Have You Tried Yin Yoga Yet?


Are you an experienced yogi? Or are you new to yoga? Do you maybe feel insecure about joining a yoga class? Whoever you are, whatever your body type, give Yin Yoga a try. As a yoga teacher and fitness trainer, I always say that everyone is different and not every activity is the right fit for you. Yin Yoga is different. I believe we should all practice Yin Yoga daily, even if it’s only for ten minutes. I could write a lot about it, about how it changed my life, how it changed my students’ lives, or how you need to approach the practice. Still and before all that here are a few things you should know about Yin Yoga.

Yin Yoga Can Be A Complementary Activity/Practice

The first time I tried Yin I thought it was a waste of my time. I was used to yang exercises, I was used to activities that will make me break a sweat. Holding a pose in silence for five minutes felt like I was doing nothing (although uncomfortable at first, so be prepared). However, Yin Yoga can be a great practice after a rigorous training. Some people practice Yin Yoga after a run, working on their connective tissue, or after resistance training, to calm their body down. It’s also great to alternate between yin and yang asanas during a yoga class, working both on your flexibility and your fascia.

Yin Yoga Can Help With Meditation

If meditation doesn’t come naturally to you, Yin Yoga _asanas_ can help you find your place. Like meditation, it doesn’t always work but you get the chance to let go and feel your body while holding the poses long enough. Because it requires for you to stay in a pose for long, you slowly focus more on your body and how it feels and less on random thoughts. Breathe into the _asanas_ and you’ll manage to focus more.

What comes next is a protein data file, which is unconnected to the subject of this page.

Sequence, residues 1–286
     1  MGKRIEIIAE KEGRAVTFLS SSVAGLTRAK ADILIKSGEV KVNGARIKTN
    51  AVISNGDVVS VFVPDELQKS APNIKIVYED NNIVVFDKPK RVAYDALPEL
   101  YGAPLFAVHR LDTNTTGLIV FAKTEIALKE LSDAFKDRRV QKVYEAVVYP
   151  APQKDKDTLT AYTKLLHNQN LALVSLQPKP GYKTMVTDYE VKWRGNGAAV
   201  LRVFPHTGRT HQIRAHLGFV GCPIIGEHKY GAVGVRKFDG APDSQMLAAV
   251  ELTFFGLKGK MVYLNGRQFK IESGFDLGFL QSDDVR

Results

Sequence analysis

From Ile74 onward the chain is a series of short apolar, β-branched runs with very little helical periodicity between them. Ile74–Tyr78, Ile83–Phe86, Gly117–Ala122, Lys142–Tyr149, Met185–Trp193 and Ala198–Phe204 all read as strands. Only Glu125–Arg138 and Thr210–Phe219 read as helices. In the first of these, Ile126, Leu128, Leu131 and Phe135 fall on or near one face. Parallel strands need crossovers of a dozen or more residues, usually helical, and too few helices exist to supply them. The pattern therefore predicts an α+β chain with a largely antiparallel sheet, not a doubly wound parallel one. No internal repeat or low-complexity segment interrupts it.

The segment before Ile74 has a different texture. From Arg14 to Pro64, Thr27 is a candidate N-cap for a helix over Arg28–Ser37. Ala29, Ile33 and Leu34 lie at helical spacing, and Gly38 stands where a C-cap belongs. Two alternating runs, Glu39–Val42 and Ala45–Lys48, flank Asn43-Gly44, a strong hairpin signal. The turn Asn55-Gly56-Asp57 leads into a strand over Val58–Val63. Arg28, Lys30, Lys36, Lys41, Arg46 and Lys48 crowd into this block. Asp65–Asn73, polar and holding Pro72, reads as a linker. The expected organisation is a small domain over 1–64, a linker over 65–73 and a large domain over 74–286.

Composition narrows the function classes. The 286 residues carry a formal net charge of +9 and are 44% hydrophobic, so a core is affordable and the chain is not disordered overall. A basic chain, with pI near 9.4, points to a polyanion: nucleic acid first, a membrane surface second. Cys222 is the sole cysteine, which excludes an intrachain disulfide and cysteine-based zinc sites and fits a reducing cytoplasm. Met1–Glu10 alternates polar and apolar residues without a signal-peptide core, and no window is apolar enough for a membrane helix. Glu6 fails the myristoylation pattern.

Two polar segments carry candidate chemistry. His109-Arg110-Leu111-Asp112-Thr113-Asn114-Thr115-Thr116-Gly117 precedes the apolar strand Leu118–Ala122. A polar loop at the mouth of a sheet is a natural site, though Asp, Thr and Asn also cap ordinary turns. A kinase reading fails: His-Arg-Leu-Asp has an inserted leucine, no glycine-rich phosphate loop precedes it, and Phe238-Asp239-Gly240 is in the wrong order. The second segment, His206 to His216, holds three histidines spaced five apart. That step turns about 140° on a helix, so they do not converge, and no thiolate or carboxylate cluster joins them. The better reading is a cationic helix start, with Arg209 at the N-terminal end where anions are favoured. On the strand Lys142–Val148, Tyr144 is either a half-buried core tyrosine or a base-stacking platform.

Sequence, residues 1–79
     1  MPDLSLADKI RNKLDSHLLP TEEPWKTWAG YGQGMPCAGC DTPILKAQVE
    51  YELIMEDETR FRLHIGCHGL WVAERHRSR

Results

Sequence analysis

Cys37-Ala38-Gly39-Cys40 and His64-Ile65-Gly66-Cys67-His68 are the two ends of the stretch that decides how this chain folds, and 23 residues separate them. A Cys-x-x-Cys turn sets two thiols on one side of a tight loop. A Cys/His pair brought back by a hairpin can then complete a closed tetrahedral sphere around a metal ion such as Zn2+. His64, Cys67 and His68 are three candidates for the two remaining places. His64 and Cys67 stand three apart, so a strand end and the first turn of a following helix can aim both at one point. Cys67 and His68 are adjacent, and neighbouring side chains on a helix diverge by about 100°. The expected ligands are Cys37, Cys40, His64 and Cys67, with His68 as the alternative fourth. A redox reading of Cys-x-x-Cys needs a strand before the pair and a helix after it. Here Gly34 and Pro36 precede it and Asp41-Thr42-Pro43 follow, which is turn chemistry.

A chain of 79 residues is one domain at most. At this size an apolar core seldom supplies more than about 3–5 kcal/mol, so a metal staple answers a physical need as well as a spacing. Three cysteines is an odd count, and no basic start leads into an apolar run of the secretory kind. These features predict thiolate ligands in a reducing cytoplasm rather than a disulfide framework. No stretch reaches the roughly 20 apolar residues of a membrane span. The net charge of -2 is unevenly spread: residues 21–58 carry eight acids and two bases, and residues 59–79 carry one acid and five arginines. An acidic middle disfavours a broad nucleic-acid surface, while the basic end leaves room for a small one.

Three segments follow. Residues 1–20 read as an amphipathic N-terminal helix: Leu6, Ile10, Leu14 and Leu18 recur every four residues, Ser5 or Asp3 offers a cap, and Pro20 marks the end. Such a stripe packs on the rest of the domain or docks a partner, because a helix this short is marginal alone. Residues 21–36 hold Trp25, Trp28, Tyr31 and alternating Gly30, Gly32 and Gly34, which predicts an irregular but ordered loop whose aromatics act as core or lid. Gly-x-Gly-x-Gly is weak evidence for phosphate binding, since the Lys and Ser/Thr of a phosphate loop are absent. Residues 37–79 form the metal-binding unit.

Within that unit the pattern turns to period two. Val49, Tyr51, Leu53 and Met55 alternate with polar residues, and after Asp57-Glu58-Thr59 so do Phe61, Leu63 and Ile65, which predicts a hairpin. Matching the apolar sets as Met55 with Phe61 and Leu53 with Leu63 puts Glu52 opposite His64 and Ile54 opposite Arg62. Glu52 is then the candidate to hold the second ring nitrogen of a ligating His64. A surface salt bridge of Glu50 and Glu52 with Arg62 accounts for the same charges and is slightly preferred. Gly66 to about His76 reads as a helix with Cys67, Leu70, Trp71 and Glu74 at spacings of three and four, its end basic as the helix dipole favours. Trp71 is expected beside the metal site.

Yin Yoga Isn't About Alignment

What does this even mean? It means that the important thing is to feel the target area. Let’s say you want to “feel” your hip flexors, you want to exercise your tight hip flexors. The success of the exercise is exactly that, to work and feel the target area. It doesn’t matter if you need props to “feel” the work, it doesn’t matter if your leg is in a slightly different position (we are all different anyway), and you don’t need to “look” in a certain way during the _asana_. The starting point is the target area and how it feels for you. If you can’t bring one leg on top of the other, try it your way.

Yin Yoga Is About (Self) Acceptance

This is what I fell in love with when I started researching and learning a bit more about Yin. Unlike other types of yoga and training, yin yoga only focuses on the area that we try to work on. It’s not about the way it looks and it’s not about the way we manage or not to do it. There’reasanas that we might not be able to do, not because we’re not good yogis or because we don’t try hard enough but because our bodies are made this way. Think of our hip bones, our femur, the length of our arms, we are all different and no matter how much you practice there are things you can’t do the same way someone else can. And there’s no room for guilt or competition. You learn who you are and how your body works, you learn you’re special and different and still a great yogi.

So give Yin Yoga a try. Book time in your agenda (ten minutes every day) and practice some Yin asanas early in the morning and/or before bedtime. I’m sure you’ll get hooked like I did. And once you know how it feels and how your body reacts to the exercises, try to incorporate Yin to your other training activities. We need both Yin and Yang in our lives, we just need to work on balance.